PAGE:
The problem picnic round cards which are supplied also act as a bit of an equaliser if one of the players is struggling, as well as acting as a timer for the game. The player with the least amount of food gets the round card at the end and it will have a specific bonus on it for use whenever the player feels like it. For these, you’re supplied some cool tokens in the shape of a foot, a biohazard logo or what looks like a lolly stick and these give you helpful bonuses to give you an advantage when you most need it meaning that you can reach a card even if your dice doesn’t land on it, or getting rid of another couple of dice to aid you.
Problem picnic, is it an Ant-i Climax?
That is a quick overview of how to play problem picnic, but as always, the golden question is, is it any good?
I’m drawn towards family games anyway, as I love being able to play games with my little ones and problem picnic is a fantastic addition to the lineup of child friendly games that I have. The premise is so simple… roll some dice and try and land them on a card. But, there’s actually a deep level of strategy about how you keep your cards in your ant hill and which cards you aim for to net you the most amount of points at the end of the game. OK, you could just throw them all together however you like, but it won’t benefit you in the long run. It can also teach kids about strategy without them really thinking about it.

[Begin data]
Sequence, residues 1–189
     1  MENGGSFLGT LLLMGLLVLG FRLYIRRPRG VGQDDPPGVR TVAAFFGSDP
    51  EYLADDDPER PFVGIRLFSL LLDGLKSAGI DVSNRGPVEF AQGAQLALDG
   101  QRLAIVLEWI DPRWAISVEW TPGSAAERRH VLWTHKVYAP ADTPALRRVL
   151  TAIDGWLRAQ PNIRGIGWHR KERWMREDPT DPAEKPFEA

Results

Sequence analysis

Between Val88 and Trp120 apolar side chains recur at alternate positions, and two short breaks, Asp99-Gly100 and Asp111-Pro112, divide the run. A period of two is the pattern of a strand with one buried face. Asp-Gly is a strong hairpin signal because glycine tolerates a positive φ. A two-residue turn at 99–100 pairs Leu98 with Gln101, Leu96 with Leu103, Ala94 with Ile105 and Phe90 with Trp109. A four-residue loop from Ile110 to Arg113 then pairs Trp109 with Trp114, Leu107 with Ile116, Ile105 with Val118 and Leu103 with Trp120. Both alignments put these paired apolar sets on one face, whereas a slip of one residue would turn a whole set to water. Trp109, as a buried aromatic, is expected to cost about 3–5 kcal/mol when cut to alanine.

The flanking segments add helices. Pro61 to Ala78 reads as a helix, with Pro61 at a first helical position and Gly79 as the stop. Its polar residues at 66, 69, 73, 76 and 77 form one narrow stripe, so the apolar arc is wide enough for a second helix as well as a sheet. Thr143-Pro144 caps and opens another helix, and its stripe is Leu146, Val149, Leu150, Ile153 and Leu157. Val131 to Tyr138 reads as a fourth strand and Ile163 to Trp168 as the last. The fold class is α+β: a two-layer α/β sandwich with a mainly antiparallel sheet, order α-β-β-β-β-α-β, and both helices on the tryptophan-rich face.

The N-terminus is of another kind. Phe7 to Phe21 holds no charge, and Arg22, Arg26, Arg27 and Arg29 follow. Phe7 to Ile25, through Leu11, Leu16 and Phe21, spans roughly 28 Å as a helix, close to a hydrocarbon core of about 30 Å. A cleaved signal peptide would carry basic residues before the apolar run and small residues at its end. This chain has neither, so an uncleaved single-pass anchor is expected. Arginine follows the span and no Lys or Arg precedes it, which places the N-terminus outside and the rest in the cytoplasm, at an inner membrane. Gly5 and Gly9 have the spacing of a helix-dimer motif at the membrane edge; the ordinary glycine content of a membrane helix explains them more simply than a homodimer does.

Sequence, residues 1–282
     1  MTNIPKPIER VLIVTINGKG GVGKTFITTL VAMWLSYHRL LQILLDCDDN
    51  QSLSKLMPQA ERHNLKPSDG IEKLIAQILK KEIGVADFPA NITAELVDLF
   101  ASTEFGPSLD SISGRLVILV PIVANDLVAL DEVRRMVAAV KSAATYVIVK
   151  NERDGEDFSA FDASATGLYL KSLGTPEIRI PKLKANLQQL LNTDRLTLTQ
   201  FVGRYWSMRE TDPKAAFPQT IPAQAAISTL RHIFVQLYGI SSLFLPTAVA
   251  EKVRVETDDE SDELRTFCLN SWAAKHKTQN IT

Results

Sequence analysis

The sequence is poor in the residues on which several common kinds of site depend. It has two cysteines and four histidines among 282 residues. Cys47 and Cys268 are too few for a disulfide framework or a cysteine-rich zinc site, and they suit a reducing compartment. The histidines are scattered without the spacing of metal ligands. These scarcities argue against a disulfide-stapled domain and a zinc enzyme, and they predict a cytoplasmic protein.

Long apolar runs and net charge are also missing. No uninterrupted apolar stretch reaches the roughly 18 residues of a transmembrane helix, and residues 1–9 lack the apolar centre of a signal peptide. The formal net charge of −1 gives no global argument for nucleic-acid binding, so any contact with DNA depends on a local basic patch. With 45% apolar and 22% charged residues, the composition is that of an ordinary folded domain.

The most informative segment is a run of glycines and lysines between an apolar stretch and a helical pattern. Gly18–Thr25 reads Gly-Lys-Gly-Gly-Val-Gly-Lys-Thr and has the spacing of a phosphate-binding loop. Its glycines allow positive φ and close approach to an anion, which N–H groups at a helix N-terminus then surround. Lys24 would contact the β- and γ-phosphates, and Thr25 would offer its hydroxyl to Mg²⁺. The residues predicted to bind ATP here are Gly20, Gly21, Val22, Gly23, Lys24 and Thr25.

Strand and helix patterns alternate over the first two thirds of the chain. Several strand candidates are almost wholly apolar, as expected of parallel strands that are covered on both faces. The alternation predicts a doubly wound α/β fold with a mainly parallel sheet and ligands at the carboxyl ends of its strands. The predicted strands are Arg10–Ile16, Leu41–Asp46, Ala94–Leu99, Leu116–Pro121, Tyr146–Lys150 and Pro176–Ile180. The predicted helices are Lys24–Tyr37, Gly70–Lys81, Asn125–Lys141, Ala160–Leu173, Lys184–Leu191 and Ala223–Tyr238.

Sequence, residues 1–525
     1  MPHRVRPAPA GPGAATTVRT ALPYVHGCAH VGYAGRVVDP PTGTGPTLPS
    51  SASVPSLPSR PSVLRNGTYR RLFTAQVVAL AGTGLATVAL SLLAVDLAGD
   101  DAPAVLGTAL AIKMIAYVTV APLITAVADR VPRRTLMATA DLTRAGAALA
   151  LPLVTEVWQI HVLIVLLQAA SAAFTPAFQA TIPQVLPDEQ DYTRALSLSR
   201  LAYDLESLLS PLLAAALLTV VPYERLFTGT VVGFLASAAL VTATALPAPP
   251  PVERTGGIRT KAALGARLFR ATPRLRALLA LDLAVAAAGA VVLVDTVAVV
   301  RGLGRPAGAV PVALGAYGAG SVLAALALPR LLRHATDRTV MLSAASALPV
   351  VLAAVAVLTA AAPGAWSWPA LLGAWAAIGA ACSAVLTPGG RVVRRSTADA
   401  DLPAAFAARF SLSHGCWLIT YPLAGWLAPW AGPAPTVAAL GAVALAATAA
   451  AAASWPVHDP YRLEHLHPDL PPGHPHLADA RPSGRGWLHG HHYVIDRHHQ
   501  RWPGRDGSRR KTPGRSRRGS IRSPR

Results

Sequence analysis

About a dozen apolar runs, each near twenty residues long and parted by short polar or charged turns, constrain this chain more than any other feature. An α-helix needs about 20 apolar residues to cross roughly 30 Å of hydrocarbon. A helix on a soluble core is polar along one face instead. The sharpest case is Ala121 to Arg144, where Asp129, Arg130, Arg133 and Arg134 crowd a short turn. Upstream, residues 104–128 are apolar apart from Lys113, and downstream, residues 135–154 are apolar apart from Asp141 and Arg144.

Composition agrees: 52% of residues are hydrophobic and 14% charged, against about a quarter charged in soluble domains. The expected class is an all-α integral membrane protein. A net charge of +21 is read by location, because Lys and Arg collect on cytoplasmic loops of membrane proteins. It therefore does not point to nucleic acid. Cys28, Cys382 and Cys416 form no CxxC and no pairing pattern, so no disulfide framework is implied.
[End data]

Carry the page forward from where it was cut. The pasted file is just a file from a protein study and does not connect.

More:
Admittedly though, I think my kids are just better at lobbing dice than me. I won most of the games that I played through smart choices in food placement and things like that, but both of my kids are fantastic food hoarders. My anthill looks pretty barren compared to theirs. But, that’s another plus for problem picnic. I found myself not really caring about the scoring, but living in the moment and seeing the joy of my kids when they either land one of their dice onto a card, or more likely smash one of mine off of it. Pure, unadulterated joy. It’s definitely a good thing that I’m not too much of a sore loser.
Obviously though, problem picnic is not going to win any trophies for depth of gameplay or being mentally taxing; it’s just not that kind of game. It’s aimed to be light to hit the crowd that it’s aimed at; families and children.
And then… (no and then)
For once, I don’t have a great deal negative to say about a game. Problem picnic ticks all of the right boxes for what I picked it up for; it’s something that a person of any age can learn in 5 minutes, and you’ll be off ant-flinging in no time. It’s light, it’s silly and it’s a whole load of fun for all.
Because of this, I have to give Problem Picnic a cookie stealing, watermelon munching, dice chucking 8 out of 10. If you’re looking for something deep and meaningful then this really isn’t it, but if you’re looking for 15 minutes of fun with the kids then I’d wholeheartedly recommend picking yourself up a copy.
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I am just a regular guy that fell into board gaming. That's why I am no longer allowed in my local Toys R Us. I'm a huge fan of deckbuilding games and games with unusual themes or mechanics. OK, maybe I'm not that regular after all.